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Is “Let Them Have Pentiums” More Practical than “Let Them Eat Cake”?

Last week in another course, we had the privilege of hosting a young guest speaker, Rastraraj Bhandari, who described his experiences as a teacher among the rural villages he visited in his home country of Nepal. The stories he shared made me think about Paul Attewell’s article, “The First and Second Digital Divides.” More than fourteen years after Attewell’s article was written, many of the digital divides he discussed still exist. Rastraraj explained, for example, that many villages still lack fast and stable internet connectively. Even in places with computer equipment, the ratio between computer and student was close to 1-to-20.

Adding to this dilemma, much of the equipment was out of date or in disrepair. In one of the villages Rastraraj visited, all the computers were broken. When he opened up a computer to see what was wrong, he found quite a few broken pencils lodged inside, probably inserted through the CD drive, severing wires and damaging the motherboard. Most of these rural villages had no one properly trained to fix the computers or even to serve as knowledgeable instructors to show the children how to use properly use them. And available teachers were often not the best; sometimes, because of the existing caste system, they could not even interact with some of their students!

Rastraraj shared his views about how the government has blindly accepted the western educational tradition. This same government would rely heavily on the use of standardized testing to determine who would have the opportunity to continue their education in different tracks, mainly focused on STEM education. This method basically creates additional disadvantages for the poor as compared with their more affluent peers. The strong focus and singular drive necessary to pass these tests, a potential ticket out of poverty, are so critical that privileged groups just have more resource to utilize.

Having access to computer equipment is important, but as Attewell points out, how the equipment is used and the available resource support are just as important. The children from poorer villages do not have enough teachers or educated parents available to provide the guidance and engagement to ensure that their students use the resources properly. Rastraraj explained how in one village, students would take three physical breaks during the school day just to go into the fields to chase away monkeys who would eat or otherwise destroy the local crops. This story is a bit extreme, but such life realities do exist! Providing access to technology, therefore, does not fully address “cyber segregation,” especially for the most disadvantaged.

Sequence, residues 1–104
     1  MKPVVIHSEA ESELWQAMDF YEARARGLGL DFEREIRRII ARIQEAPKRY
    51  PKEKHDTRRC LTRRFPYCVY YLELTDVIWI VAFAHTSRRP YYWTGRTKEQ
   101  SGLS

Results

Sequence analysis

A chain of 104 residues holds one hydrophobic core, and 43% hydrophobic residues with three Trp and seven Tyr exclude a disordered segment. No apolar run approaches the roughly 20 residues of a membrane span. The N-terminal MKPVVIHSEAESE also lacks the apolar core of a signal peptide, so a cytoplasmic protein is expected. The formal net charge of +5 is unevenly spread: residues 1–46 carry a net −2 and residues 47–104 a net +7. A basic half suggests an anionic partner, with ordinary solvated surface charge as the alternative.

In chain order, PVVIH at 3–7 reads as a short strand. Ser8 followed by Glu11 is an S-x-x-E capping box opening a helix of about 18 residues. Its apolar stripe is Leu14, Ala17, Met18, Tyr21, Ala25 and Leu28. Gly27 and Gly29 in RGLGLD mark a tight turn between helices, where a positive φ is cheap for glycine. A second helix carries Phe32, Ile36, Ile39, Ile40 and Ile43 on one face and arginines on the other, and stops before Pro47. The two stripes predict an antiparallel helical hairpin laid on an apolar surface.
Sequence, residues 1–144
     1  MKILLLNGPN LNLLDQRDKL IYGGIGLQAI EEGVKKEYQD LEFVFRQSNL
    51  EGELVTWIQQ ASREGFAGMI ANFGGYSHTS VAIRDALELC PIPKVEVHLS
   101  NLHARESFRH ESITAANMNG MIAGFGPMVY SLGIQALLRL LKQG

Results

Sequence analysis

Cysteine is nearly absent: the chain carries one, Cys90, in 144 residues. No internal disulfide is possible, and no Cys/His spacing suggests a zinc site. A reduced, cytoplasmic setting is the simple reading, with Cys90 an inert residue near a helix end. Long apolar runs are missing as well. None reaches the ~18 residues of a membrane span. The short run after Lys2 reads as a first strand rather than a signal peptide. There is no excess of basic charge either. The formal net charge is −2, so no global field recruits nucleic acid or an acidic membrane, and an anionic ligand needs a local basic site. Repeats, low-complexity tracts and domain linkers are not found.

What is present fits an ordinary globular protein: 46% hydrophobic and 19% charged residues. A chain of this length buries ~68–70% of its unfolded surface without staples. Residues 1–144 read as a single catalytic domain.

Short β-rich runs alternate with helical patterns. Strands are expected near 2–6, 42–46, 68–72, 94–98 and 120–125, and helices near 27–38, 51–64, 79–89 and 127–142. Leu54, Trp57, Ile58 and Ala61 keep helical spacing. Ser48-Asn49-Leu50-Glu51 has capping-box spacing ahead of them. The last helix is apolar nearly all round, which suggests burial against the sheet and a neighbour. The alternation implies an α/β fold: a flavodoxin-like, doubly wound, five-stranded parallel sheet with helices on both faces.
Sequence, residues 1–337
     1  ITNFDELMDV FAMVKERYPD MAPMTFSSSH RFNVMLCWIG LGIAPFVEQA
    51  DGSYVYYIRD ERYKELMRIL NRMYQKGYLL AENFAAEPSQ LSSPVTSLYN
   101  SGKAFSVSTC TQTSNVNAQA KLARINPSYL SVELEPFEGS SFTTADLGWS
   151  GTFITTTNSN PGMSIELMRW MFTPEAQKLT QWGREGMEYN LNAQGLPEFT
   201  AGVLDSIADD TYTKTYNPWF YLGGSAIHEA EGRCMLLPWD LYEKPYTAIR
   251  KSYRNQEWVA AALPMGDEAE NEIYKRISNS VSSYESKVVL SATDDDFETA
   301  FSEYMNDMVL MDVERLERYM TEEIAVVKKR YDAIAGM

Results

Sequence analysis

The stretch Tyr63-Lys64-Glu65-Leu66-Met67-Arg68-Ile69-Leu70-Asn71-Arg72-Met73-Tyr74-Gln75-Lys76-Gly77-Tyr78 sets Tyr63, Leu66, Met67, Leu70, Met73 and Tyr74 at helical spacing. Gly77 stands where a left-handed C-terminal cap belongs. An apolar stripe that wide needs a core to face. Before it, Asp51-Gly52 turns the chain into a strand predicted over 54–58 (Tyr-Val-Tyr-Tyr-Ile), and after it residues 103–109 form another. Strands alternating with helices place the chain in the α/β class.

MOOC Interrupted: Harvard Loses 225TB of Video Data.
(News in Brief – Local – ISSUE 50-42 – Nov 4, 2014)

During the sixth week of the new HarvardX MOOC course, “How To Make a Global Disaster Recovery Quilt,” a “technical malfunction” unwound this popular course. The massive collaborative group project assignments crashed the Harvard servers over the weekend. During the recovery process for the lost video data, it was discovered that the local backups were corrupted. When university administrators went to retrieve the backup tapes from two of the offsite document and record storage facilities hosted by Iron Mountain, the tapes were found to be unreadable. This series of unfortunate events led many university insiders to question why there was not a more comprehensive video archiving infrastructure in place instead of relying on physical backup tapes. The University Librarian, Marian Dustmantelpiece, was quoted as saying she was surprised by the volume of data and was disappointed that the Harvard Library System was not consulted concerning HarvardX’s archiving needs for preserving the university’s intellectual assets. Interestingly, most large-scaled learning relies on video as a main method for disseminating course content. However, most of this video content is not automatically integrated into digital archiving solutions.